Saudi fears block closer Gulf union
Saudi Arabia’s King Abdullah (L) walks into the meeting hall with his Bahraini counterpart Hamad bin Issa al-Khalifa in Riyadh. AFP photoGulf Arab countries failed to agree on further integration May 14 after a high-profile summit seen as part of Saudi efforts to counter Iran’s growing influence and Shiite Muslim discontent in Bahrain.
Gulf politicians had played up the idea that the Riyadh meeting would establish a closer union between Bahrain and Saudi Arabia, which sent troops in March last year to help Manama with an initial effort to squash the uprising. But Saudi Foreign Minister Prince Saud Al-Faisal, speaking after the two hour summit, told a news conference that talks on a possible union of six nations had been postponed until the next meeting in Bahrain in December.
“Leaders of the Gulf Cooperation Council (GCC) have approved the call for a commission to continue studying in order to present final results (to a coming summit),” he said. “The issue will take time. The aim is for all countries to join, not just two or three. I’m hoping that the six countries will unite in the next meeting.” The council consists of Saudi Arabia, Kuwait, Bahrain, Qatar, Oman and the United Arab Emirates. The union calls for economic, political and military coordination and a new decision-making body based in Riyadh, replacing the current GCC Secretariat. Bahraini Information Minister, Samira Rajab, said it could follow the “European Union model,” suggesting it would be primarily an economic confederation.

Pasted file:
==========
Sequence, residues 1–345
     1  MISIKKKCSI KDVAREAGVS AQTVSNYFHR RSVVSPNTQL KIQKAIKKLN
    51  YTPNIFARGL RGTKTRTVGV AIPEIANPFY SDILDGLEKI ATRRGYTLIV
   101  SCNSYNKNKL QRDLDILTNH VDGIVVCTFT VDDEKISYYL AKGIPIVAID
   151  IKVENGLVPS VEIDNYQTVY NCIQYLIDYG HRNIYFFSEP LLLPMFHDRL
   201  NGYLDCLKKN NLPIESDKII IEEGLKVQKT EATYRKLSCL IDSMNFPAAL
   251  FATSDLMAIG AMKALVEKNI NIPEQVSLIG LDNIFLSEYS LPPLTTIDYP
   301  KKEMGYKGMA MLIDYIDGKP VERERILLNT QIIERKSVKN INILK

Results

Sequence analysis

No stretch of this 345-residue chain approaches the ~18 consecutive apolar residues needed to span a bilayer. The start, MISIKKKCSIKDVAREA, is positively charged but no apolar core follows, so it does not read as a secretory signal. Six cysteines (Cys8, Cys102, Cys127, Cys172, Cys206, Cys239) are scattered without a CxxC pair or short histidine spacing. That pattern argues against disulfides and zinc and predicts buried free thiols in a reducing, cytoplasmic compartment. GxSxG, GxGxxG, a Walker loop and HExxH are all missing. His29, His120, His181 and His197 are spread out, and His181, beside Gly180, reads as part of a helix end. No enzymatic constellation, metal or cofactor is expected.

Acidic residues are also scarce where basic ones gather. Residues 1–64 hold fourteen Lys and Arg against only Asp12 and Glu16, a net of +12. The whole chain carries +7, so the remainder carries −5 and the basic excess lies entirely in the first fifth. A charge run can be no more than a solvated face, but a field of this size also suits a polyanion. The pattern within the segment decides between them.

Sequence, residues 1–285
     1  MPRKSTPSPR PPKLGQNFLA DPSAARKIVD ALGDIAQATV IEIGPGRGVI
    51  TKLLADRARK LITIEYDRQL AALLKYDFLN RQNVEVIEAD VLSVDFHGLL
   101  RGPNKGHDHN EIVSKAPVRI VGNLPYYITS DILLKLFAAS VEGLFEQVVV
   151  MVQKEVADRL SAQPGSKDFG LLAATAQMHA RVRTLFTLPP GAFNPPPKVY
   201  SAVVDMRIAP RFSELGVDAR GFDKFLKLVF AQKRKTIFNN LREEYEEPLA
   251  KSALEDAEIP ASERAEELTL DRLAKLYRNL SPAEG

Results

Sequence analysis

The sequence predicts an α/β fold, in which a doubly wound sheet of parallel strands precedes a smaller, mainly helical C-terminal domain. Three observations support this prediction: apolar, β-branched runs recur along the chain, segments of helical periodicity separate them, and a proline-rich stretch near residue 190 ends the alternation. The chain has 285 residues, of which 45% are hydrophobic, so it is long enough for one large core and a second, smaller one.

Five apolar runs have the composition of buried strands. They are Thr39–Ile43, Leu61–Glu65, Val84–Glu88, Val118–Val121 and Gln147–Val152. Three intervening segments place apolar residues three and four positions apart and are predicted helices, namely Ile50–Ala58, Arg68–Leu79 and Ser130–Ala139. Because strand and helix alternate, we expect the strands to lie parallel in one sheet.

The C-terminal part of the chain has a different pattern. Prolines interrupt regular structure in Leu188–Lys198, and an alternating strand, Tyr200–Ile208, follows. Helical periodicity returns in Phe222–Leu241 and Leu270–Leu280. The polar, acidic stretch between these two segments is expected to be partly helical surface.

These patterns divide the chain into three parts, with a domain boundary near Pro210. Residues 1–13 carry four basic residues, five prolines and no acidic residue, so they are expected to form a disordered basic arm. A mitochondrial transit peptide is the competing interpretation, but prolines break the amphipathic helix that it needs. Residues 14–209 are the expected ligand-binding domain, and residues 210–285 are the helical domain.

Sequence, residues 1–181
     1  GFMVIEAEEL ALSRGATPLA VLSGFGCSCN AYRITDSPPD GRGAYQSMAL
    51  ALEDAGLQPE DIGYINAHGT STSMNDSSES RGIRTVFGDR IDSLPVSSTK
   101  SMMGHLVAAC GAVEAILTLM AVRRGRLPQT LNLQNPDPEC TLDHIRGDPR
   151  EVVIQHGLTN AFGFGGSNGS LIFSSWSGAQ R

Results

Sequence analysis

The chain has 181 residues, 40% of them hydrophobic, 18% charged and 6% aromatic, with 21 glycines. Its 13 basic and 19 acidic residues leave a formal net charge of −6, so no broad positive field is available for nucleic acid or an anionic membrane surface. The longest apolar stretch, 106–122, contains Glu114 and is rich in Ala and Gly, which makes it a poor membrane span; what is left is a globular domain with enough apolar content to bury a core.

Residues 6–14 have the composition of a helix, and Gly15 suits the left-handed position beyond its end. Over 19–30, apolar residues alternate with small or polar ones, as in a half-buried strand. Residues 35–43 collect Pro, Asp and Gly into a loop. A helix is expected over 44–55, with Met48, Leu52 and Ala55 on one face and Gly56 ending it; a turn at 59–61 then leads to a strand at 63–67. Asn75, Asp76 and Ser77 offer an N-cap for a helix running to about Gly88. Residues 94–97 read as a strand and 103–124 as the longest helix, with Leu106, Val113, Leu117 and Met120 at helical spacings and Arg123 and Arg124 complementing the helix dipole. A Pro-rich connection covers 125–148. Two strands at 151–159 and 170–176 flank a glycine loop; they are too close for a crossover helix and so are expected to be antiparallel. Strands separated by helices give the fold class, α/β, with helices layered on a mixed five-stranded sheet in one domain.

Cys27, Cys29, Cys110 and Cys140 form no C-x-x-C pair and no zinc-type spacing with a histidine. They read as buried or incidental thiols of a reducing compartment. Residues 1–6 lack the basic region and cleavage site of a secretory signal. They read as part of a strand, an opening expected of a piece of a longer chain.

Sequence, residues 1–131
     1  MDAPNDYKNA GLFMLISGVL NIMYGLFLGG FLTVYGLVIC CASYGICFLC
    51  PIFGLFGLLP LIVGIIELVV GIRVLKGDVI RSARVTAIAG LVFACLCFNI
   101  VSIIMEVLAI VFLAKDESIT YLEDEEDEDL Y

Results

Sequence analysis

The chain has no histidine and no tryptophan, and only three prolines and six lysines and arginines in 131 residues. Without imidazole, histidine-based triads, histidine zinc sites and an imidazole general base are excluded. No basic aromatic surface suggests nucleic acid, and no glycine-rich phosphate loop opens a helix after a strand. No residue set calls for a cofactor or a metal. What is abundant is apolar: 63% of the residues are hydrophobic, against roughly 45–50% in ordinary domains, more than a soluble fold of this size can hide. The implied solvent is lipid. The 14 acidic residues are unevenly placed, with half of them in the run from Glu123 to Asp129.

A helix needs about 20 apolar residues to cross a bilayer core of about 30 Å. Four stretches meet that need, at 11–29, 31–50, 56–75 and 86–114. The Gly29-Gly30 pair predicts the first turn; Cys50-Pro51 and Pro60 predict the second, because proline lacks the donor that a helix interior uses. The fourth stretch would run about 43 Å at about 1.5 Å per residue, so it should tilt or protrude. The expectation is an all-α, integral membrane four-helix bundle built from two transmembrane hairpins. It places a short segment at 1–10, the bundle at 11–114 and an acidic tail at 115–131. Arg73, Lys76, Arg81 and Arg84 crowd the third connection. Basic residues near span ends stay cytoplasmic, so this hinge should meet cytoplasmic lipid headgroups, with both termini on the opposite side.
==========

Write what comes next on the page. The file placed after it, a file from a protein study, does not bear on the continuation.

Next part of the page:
Saudi Arabia warns Iran against meddling
There are concerns about how much influence would be given to Saudi Arabia as the bloc’s de facto power, and whether its ultraconservative views could cast shadows over Western-friendly centers such as Dubai and Doha. Worries about Saudi dominance have already frozen plans for a single Gulf currency.
The UAE and Oman pulled out of a single currency scheme which would involve a Gulf central bank based in Riyadh. Gulf analysts say some GCC members are averse to integration, fearing a loss of sovereignty. Saudi foreign minister also said that Iran should keep out of the kingdom’s relations with Shiite-majority Bahrain, even if the two states decide to form a union. “Iran has nothing to do with what happens between the two countries, even if it develops into a unity,” he told reporters at the end of summit.
Iranian parliamentarians earlier on May 14 condemned the planned union. “The Iranian threat is not accepted,” Al-Faisal said, after a letter signed by 190 parliamentarians warned Bahraini and Saudi rulers that “they must understand that this unwise decision will only strengthen the Bahraini people’s resolve against the forces of occupation.” Saudi-led Gulf forces rolled into Bahrain in March 2011 to boost the kingdom’s security forces, which a day later crushed month-old, Shiite-dominated protests.
The letter, read out in the 290-member Parliament, warned that “the crisis in Bahrain will be transferred to Saudi Arabia and will push the region towards insecurity.” Iran has repeatedly voiced support for the protests in Bahrain and strongly condemned the deployment of Saudi-led forces.
Compiled from AFP, AP and Reuters stories by the Daily News staff.